Entering A Microcosm: An Impulse Visit To Gæðingur - The Reykjavik Grapevine

Entering A Microcosm: An Impulse Visit To Gæðingur

Entering A Microcosm: An Impulse Visit To Gæðingur

Published July 14, 2017

Photos by
Art Bicnick

Wondering where to get a beer in Sauðárkrókur, North Iceland, my travelling companion and I catch a resident who directs us to the only bar in town, Microbar. The name might seem familiar, since its representative in Reykjavík is the first craft beer bar in Iceland.

As always when going for just one beer, one thing leads to another, and all of a sudden we find ourselves knocking on the doors of the Gæðingur microbrewery, located less than a ten minutes’ drive away. There we meet Árni Hafstað, owner of the brewery and bar. He’s in his element, holding a beer tasting for a tourist couple and two brewers. “Does this happen often, that tourists contact you and drop by?” I ask him, amazed by the cosy little gathering. “It’s not uncommon, and most of the time I say yes—if I can,” he answers. “Because it must be fun too and not only work. I love meeting new people and I’m really curious about their background. I’m doing it for me, not for them.”

Skyr, Icelandic moss and double trouble

“Can you handle this? Not everyone can,” Àrni says as he pours me a glass. He has that twinkle in his eye and his passion for craft beer is unmistakable in the way he talks about his experiments. He was one of the first brewers to make a beer with skyr, and the next flavour sensations on the to-do list are a Scandinavian Brown Ale with hints of Icelandic moss, and a New England Double IPA. When asked about where he gets his inspiration from, Àrni laughs a little. “Well, I drink a lot.”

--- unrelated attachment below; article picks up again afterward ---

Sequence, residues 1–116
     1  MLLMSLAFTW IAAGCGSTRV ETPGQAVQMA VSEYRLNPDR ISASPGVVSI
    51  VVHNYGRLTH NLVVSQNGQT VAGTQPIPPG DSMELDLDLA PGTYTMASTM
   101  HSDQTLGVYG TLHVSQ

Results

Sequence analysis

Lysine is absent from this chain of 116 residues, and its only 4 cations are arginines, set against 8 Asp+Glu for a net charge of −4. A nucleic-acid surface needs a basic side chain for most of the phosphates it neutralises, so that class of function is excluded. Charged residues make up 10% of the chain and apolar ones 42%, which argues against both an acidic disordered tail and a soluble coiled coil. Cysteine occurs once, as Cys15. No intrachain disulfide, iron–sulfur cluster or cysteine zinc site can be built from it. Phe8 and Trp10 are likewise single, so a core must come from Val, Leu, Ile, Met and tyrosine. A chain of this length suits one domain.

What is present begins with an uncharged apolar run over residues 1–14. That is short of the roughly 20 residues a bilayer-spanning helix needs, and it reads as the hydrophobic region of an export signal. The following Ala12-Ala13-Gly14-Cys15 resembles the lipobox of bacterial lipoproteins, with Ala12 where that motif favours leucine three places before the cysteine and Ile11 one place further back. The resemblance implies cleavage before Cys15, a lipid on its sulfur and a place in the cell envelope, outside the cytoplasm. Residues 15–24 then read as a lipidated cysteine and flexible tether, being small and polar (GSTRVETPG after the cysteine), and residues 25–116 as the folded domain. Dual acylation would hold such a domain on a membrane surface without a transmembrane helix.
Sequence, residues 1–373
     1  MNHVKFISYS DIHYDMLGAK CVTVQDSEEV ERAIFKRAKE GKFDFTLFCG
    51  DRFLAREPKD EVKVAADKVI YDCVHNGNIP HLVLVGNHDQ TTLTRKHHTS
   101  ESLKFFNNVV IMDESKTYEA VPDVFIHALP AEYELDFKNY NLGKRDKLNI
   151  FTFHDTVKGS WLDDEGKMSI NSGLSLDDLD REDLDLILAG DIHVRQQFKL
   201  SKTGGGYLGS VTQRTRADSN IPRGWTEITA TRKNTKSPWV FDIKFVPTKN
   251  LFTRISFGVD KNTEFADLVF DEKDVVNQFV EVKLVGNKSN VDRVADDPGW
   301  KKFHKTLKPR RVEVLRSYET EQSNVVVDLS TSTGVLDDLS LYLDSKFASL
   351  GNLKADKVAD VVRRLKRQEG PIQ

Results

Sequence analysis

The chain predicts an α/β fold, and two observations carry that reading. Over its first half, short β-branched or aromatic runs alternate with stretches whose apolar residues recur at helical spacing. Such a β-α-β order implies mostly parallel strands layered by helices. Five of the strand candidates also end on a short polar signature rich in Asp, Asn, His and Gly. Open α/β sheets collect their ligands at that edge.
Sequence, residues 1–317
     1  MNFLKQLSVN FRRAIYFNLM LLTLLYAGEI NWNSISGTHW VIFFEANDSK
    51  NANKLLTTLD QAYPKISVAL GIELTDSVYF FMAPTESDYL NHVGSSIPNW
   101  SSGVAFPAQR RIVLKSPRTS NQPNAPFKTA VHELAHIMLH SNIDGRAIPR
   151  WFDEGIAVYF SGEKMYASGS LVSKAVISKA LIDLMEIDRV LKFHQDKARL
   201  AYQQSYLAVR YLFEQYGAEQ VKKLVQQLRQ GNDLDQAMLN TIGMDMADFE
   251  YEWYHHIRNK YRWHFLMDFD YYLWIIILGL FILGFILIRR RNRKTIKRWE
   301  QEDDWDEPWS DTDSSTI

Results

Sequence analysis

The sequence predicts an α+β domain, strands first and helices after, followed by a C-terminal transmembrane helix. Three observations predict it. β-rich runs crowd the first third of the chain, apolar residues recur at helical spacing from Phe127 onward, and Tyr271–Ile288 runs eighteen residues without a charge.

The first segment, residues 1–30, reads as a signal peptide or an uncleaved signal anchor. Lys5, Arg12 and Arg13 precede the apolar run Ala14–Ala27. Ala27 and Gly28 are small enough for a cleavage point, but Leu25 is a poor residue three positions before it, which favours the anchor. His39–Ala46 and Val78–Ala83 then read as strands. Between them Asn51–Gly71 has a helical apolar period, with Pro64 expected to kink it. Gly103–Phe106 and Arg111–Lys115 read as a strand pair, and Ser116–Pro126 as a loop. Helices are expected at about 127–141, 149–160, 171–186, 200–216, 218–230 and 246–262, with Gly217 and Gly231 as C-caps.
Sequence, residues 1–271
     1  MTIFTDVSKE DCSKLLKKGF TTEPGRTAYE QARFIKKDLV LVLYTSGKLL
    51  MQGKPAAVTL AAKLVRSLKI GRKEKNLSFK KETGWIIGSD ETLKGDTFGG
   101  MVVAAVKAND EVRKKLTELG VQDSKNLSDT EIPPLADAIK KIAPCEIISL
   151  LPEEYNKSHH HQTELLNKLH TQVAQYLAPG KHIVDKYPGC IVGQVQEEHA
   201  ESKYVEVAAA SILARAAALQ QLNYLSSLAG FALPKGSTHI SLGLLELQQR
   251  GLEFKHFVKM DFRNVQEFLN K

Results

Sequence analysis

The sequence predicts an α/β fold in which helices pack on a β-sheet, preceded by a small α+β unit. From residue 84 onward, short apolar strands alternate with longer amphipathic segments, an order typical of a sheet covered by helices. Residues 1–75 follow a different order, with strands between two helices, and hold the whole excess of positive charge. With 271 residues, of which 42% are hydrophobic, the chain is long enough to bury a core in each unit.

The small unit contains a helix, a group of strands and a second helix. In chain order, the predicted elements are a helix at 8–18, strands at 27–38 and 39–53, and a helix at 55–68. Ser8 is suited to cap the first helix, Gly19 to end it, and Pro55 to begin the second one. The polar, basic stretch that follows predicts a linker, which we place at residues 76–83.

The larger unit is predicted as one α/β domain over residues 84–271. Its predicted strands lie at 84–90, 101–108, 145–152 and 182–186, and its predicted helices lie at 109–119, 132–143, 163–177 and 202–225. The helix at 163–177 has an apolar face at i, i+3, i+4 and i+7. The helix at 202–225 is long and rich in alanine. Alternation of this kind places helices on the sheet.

Gæðingur microbrewery was up and running June 2011. The whole journey started in Denmark, where Àrni together with a friend went on a brewing course. Afterwards they bought a home brewery kit, and the beers turned out great. Àrni continues the story: “We then went to a more serious course in England, and the course leader was selling equipment to breweries. At the same time I had the building where I earlier housed my cattle standing empty, and I wanted to do something with it. So I bought equipment from the guy and he came to set it up and helped out with the first brews. And we just carried on from there.”

Several irons in the fire

Safe to say that Àrni is a busy man, with two bars and a brewery to supervise. Above that he’s also a father and runs a dairy farm. “I’ve many ideas,” he reflects. “At times I’m growing in my mind. Sometimes I’m getting into bigger productions, sometimes I’m opening more breweries and sometimes I’m selling. But everything is always changing. I’ll just follow the stream but not in the matter of fashion or what everyone else is doing, but how it fits into my life.”

Before saying goodbye I just have to ask if anything crazy has gone down at previous tastings. “Hmm… No one has gotten naked yet. I’m still waiting for that moment.”

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